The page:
Protecting the Right to Enjoy Doping-Free Sport

Prohibited List

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The Prohibited List is updated annually.

Since 2004, the World Anti-Doping Agency (WADA) has been responsible for the preparation and publication of the list of substances and methods that are prohibited in sport, known as the Prohibited List.

It is one of five International Standards that identifies substances and methods prohibited in- and out-of-competition, in-competition only, and in particular sports. The substances and methods on the List are classified by different categories (such as steroids, stimulants, or gene doping).

An athlete may be permitted to use a prohibited substance or method for medical reasons, if they obtain a Therapeutic Use Exemption (TUE).

The Prohibited List is updated annually following an extensive consultation process facilitated by WADA. Additional substances or methods may be added to the List at any time during the year but this will only occur after a three month notice period.

The main changes to The List for 2018 include:

Clarification regarding salbutamol inhaler dosing parameters

The dosing parameters of inhaled salbutamol have been clarified to make it clear that doses of salbutamol should not exceed 800 micrograms over any 12-hour period. Please refer to the WADA 2018 Summary of Major Modifications and Explanatory Notes for further information.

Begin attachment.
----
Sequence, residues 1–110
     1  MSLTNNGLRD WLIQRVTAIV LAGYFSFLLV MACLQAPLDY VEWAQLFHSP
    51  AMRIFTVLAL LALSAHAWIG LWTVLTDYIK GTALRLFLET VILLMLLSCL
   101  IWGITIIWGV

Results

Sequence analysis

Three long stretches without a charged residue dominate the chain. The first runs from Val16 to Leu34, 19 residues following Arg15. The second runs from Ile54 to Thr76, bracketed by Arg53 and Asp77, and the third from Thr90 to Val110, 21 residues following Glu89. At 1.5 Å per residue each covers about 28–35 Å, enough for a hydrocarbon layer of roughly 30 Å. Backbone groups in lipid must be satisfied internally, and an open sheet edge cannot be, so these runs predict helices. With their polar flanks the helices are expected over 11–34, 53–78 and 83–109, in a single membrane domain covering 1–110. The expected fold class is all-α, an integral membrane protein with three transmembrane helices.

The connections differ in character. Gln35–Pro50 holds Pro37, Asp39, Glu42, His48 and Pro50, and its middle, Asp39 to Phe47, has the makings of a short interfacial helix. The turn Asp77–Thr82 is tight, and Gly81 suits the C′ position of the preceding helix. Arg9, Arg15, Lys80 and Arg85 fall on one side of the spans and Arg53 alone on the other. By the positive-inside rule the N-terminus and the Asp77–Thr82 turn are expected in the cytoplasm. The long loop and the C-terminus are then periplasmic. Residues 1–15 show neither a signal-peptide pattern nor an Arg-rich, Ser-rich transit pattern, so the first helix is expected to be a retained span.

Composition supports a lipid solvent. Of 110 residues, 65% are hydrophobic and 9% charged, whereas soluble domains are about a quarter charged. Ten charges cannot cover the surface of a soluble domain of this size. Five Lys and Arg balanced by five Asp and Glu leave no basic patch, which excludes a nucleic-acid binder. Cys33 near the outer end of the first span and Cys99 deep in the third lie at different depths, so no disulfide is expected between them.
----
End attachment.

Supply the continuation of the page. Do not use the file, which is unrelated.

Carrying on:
Glycerol to be removed from the List

Glycerol will no longer be prohibited in 2018 after being removed from the Diuretics and Masking Agents section of the List.

Changes to intravenous (IV) infusion rules

The allowed volume and timing of intravenous infusions will increase from infusions of no more than 50 millilitres (mL) per 6-hour period in 2017 to no more than a total of 100 mL per 12-hour period in 2018.

More specifically, IV infusions and/or injections of any substance in excess of 100 mL per 12-hour period will be prohibited at all times in 2018, except for those legitimately received in the course of hospital treatment, surgical procedures, or clinical diagnostic investigations. If a prohibited substance is administered intravenously or via injection, a TUE will continue to be necessary for this substance regardless of whether the infusion or injection is less than 100 mL.

Additional examples of stimulants

1,3-Dimethybutylamine (DMBA) will be added as an example of a stimulant under section 6 of the 2018 List. Athletes should remain vigilant regarding this substance as it can be found in some dietary supplements. UKAD’s position on dietary supplements can be found here.

Clarification regarding the status of cannabidiol

The WADA List Expert Group have confirmed that synthetic cannabidiol (i.e. CBD oil) is not a cannabimimetic and is therefore not prohibited under S8 Cannabinoids. However, athletes should be cautious about use of such products as cannabidiol extracted from cannabis plants may contain varying concentrations of THC (THC remains a prohibited substance).

Examples of glucocorticoids (S9) to be added

The 2018 Prohibited List will name some examples of commonly used glucocorticoids for greater clarity (refer to the 2018 List for further details).

Alcohol to be removed from the List

Alcohol will no longer be prohibited in 2018. The International Federations of Air Sports, Archery, Automobile, and Powerboating will be able to apply and enforce protocols for alcohol use as they see fit.

Specific examples of prohibited substances to be added to various categories of the List

Please refer to the WADA 2018 Summary of Major Modifications and Explanatory Notes document for these examples.